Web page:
4 Stars from me

This book is in part a fascinating peek into the world of the AA, the meetings, the ‘Big Book, the ‘twelve steps’, and the sheer risk and trust you are forced to have with a room full of strangers. I really enjoyed this part of the story and found it – and Astrid’s struggle not to drink – really interesting.

I read Who Did You Tell in a day and found it hard to put the book down as I struggled to work out who was stalking Astrid and why, who she could trust and whether her relationship with Josh was going to work as she tried her best to leave the past behind.

The small town vibe was hilarious, I loved all the nosy neighbours and busybodies.

And, who isn’t in love with Josh? What a sweetie.

Synopsis: It’s been 192 days, seven hours and fifteen minutes since her last drink. Now Astrid is trying to turn her life around.

Having reluctantly moved back in with her mother, in a quiet seaside town away from the temptations and painful memories of her life before, Astrid is focusing on her recovery. She’s going to meetings. Confessing her misdeeds. Making amends to those she’s wronged.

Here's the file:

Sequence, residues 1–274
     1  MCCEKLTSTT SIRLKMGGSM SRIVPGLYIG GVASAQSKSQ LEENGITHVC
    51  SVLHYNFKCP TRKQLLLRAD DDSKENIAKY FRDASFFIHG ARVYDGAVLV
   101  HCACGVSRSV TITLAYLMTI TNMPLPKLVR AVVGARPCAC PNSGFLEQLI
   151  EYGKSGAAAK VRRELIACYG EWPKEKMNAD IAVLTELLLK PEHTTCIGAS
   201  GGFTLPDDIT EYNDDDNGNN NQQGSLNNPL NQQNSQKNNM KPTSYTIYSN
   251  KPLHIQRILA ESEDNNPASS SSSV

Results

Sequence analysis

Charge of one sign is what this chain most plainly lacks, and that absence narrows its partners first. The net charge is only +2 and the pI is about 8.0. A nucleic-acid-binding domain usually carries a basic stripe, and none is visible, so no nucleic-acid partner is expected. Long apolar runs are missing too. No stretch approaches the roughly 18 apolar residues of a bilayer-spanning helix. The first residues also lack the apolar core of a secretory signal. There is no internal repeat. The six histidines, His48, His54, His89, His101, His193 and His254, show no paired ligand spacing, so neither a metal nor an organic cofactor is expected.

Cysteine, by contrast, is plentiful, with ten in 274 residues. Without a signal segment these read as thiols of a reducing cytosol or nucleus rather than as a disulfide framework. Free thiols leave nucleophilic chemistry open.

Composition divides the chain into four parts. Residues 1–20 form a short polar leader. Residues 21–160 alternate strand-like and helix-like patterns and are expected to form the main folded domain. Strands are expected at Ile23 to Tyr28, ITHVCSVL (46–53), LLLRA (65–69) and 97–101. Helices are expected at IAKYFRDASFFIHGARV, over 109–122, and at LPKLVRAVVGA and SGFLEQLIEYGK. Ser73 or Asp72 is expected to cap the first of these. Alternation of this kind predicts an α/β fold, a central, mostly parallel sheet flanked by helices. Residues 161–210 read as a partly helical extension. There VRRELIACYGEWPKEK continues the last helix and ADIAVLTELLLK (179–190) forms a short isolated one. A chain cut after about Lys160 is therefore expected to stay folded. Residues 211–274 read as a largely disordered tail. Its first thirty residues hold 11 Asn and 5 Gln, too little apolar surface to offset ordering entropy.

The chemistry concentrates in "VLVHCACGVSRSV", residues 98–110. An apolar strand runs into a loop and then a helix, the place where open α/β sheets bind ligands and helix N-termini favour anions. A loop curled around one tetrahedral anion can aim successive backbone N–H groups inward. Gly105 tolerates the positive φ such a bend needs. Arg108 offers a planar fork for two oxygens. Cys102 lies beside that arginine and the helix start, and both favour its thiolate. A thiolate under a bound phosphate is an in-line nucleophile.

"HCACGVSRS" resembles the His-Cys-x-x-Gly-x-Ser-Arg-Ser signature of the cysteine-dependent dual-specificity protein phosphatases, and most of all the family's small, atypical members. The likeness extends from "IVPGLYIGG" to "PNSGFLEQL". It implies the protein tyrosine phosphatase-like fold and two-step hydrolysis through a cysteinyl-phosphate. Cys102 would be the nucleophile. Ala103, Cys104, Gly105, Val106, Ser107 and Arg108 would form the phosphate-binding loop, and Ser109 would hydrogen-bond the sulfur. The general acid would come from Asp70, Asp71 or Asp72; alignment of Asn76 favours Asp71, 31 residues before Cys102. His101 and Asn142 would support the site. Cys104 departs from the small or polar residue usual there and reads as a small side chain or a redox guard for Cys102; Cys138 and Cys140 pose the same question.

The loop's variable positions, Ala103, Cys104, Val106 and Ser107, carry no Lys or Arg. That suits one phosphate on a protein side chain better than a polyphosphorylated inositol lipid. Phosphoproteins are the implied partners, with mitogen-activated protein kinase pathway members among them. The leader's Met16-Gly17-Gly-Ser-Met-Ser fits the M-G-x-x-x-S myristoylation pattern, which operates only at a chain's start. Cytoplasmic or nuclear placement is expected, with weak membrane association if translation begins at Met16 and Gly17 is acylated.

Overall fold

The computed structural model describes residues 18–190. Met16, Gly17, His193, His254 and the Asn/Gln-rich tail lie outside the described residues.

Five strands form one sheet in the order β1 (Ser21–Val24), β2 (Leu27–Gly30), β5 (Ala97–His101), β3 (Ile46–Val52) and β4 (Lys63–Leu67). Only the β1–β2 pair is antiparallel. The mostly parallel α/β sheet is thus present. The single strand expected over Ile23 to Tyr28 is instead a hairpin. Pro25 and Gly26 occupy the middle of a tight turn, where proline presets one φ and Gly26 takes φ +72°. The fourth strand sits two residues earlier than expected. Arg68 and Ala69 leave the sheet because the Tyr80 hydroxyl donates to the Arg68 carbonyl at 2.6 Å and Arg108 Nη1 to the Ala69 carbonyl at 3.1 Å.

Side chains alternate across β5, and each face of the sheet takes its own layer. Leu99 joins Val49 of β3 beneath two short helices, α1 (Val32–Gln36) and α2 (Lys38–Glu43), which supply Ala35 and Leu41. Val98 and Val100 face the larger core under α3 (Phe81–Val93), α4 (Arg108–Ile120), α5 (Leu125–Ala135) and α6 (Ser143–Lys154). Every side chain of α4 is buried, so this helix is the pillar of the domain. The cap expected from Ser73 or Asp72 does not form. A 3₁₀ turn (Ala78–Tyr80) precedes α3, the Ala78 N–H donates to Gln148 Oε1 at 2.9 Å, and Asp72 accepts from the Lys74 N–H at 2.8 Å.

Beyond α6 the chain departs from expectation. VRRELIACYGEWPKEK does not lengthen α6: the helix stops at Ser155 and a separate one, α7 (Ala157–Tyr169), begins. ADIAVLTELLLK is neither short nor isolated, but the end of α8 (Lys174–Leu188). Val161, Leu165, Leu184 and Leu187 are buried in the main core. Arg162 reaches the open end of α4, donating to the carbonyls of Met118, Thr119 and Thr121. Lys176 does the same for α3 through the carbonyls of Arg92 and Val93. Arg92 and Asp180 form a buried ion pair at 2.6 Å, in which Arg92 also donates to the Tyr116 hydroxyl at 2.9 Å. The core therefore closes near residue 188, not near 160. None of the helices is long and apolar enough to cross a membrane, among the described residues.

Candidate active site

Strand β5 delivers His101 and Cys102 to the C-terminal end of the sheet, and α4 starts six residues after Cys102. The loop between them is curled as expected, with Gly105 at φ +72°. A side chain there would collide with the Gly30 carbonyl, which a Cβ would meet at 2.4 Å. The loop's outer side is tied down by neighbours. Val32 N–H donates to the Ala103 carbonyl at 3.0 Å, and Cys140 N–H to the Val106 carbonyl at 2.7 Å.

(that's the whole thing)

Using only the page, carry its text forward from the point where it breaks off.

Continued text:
But someone knows exactly what Astrid is running from. And they won’t stop until she learns that some mistakes can’t be corrected.

Some mistakes, you have to pay for…

The Silent House by Nell Pattison

4 Stars from me

Such a clever story! I found myself truly quite fascinated by the introduction to the deaf community within this book – the deaf club, the signing during arguments (selfishly something I’ve never thought about before, but when we argue we shout over each other while walking away, stomping around, from different rooms etc but deaf people would have to have self restraint in order to keep watching and signing while arguing).